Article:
This argument was rejected by the SCA as not having been pleaded, and was abandoned before the Constitutional Court (par 35), thus removing any substantial comment versus fact debate in this matter



3 Comment must be Based on Facts which are True

The requirement that in order to qualify as fair comment the facts upon which comment is expressed must be true, required a detailed examination of the effect of the Promotion of National Unity and Reconciliation Act 34 of 1995 (TRC Act) and in particular section 20(10) thereof. This section provides (as summarised by Cameron J) (par 1) that:

    once a person convicted of an offence with a political objective has been granted amnesty, any entry or record of the conviction shall be deemed to be expunged from all official documents and - ‘the conviction shall for all purposes, including the application of any Act of Parliament or other law, be deemed not to have taken place.’

McBride successfully contended before the court a quo and the SCA that this means he is as a fact no longer a murderer and cannot accurately be branded as such and therefore that any comment expressed on the basis that he is a murderer or criminal fails to be protected for lack of being based on facts which are true (parr 22 - 28).

In finally deciding the issue the Constitutional Court found (in a majority judgment delivered by Cameron J with Brand AJ, Froneman J, Nkabinde J and Yacoob J concurring) that “truth-telling ... lay at the base of the moral and operational structure” of the TRC Act (par 55) and that “(t)he statute’s aim was national reconciliation, premised on the disclosure of the truth” (par 59). Cameron J confirmed the minority finding by Mthiyane JA in the SCA that “the chief function of the deeming provision in section 20(10) is to secure efficient expungement of all official documents and records ... [which] entitles the grantee to full civic status” (par 64). He held that the moral absolution McBride sought from the TRC Act “lay beyond the legal benefits the statute afforded perpetrators ... and ... beyond the lawgiver’s powers” (par 68). In short, Cameron J held that a murderer is someone who wrongfully and intentionally killed another and is not dependent on a finding of guilt by a court of law (par 70). Consequently, the court found that the expungement of a criminal record for murder through a process of amnesty does not expunge the deed itself, nor does it “stifle the language that may accurately describe the events that led to the conviction ... [or] ... the terms that may be truthfully applied to the facts” (par 72).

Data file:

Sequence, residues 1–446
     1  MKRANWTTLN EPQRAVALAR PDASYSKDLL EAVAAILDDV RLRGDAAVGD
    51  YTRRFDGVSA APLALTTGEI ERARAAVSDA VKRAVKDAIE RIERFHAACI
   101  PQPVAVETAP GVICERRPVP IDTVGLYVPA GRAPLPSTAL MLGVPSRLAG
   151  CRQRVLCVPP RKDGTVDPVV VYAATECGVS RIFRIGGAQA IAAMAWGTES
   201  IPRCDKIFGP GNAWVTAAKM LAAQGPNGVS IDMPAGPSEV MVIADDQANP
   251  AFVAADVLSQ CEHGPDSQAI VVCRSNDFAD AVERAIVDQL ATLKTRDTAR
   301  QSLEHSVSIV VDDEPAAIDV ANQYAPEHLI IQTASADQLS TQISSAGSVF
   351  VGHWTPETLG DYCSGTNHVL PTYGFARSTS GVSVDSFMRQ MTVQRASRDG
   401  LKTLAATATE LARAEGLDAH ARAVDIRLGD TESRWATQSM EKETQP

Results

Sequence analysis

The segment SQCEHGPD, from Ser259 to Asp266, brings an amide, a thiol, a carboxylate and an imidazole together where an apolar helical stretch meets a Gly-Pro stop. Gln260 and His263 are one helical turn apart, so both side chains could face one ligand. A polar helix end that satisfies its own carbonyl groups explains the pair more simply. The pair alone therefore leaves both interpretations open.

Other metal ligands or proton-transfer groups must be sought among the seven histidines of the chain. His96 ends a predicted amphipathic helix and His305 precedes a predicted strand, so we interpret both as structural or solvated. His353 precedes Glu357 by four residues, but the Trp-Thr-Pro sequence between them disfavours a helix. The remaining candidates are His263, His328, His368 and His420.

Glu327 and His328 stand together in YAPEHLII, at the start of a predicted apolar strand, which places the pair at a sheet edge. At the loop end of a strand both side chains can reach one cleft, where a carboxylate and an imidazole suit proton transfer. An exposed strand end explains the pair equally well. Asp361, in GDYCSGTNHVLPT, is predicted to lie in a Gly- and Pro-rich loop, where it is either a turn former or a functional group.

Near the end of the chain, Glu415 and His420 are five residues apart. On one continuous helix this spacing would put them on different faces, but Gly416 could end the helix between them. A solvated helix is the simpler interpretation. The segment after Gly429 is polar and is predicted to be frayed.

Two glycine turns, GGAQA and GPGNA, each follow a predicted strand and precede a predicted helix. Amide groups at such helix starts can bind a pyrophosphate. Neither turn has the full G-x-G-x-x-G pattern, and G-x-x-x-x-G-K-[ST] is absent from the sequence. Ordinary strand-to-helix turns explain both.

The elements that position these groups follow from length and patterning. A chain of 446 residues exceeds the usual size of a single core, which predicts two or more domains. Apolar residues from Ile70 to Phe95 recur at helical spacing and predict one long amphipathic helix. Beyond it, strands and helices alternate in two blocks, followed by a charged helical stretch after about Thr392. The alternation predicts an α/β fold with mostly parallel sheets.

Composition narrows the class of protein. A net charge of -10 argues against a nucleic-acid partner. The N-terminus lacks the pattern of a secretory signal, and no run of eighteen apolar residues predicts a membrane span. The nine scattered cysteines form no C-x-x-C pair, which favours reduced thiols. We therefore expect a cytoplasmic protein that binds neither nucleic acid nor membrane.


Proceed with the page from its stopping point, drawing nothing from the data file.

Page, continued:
The inevitable result of this line of reasoning is that it is true that McBride is a murderer and thus that the comment expressed by the Citizen was indeed based on facts which are true.

In a separate, but concurring judgment (on this point) Ngcobo CJ found that although describing McBride as a “murderer” is factually true, it alone is a half-truth “and thus untrue” unless amnesty is also mentioned (par 173). Ngcobo CJ reached this conclusion after considering the “special place” amnesty occupies in our constitutional democracy, which renders the fact of amnesty an indispensable part of the truth (par 163 - 167). However, after considering the references to amnesty in the initial articles, Ngcobo CJ found that the statement that McBride was a murderer was indeed “accurately stated” (par 189).



4 Facts Must Be Truly Stated

Having crossed that hurdle, the Citizen was faced with the compelling argument that the defence of fair comment must fail due to the newspaper’s failure to accurately state all the facts upon which it expressed its opinions in each and every publication on the issue. Recall that the issue of amnesty was only raised in the two initial articles, followed by a series of seven articles over a period of some seven weeks, containing a vicious attack on McBride’s character, without a single mention of his amnesty whatsoever.

It may be useful at this juncture to recall one of the earliest statements on this point by then Chief Justice Innes in the matter of Roos v Stent and Pretoria Printing Works 1909 TS 988:

    there must surely be a placing before the reader of the facts commented upon, before a plea of fair comment can operate at all. I do not want to be misunderstood upon this point; I do not desire to say that in all cases the facts must be set out verbatim and in full; but in my opinion there must be some reference in the article which indicates clearly what facts are being commented upon. If there is no such reference, then the comment rests merely upon the writer’s own authority (999 - 1000).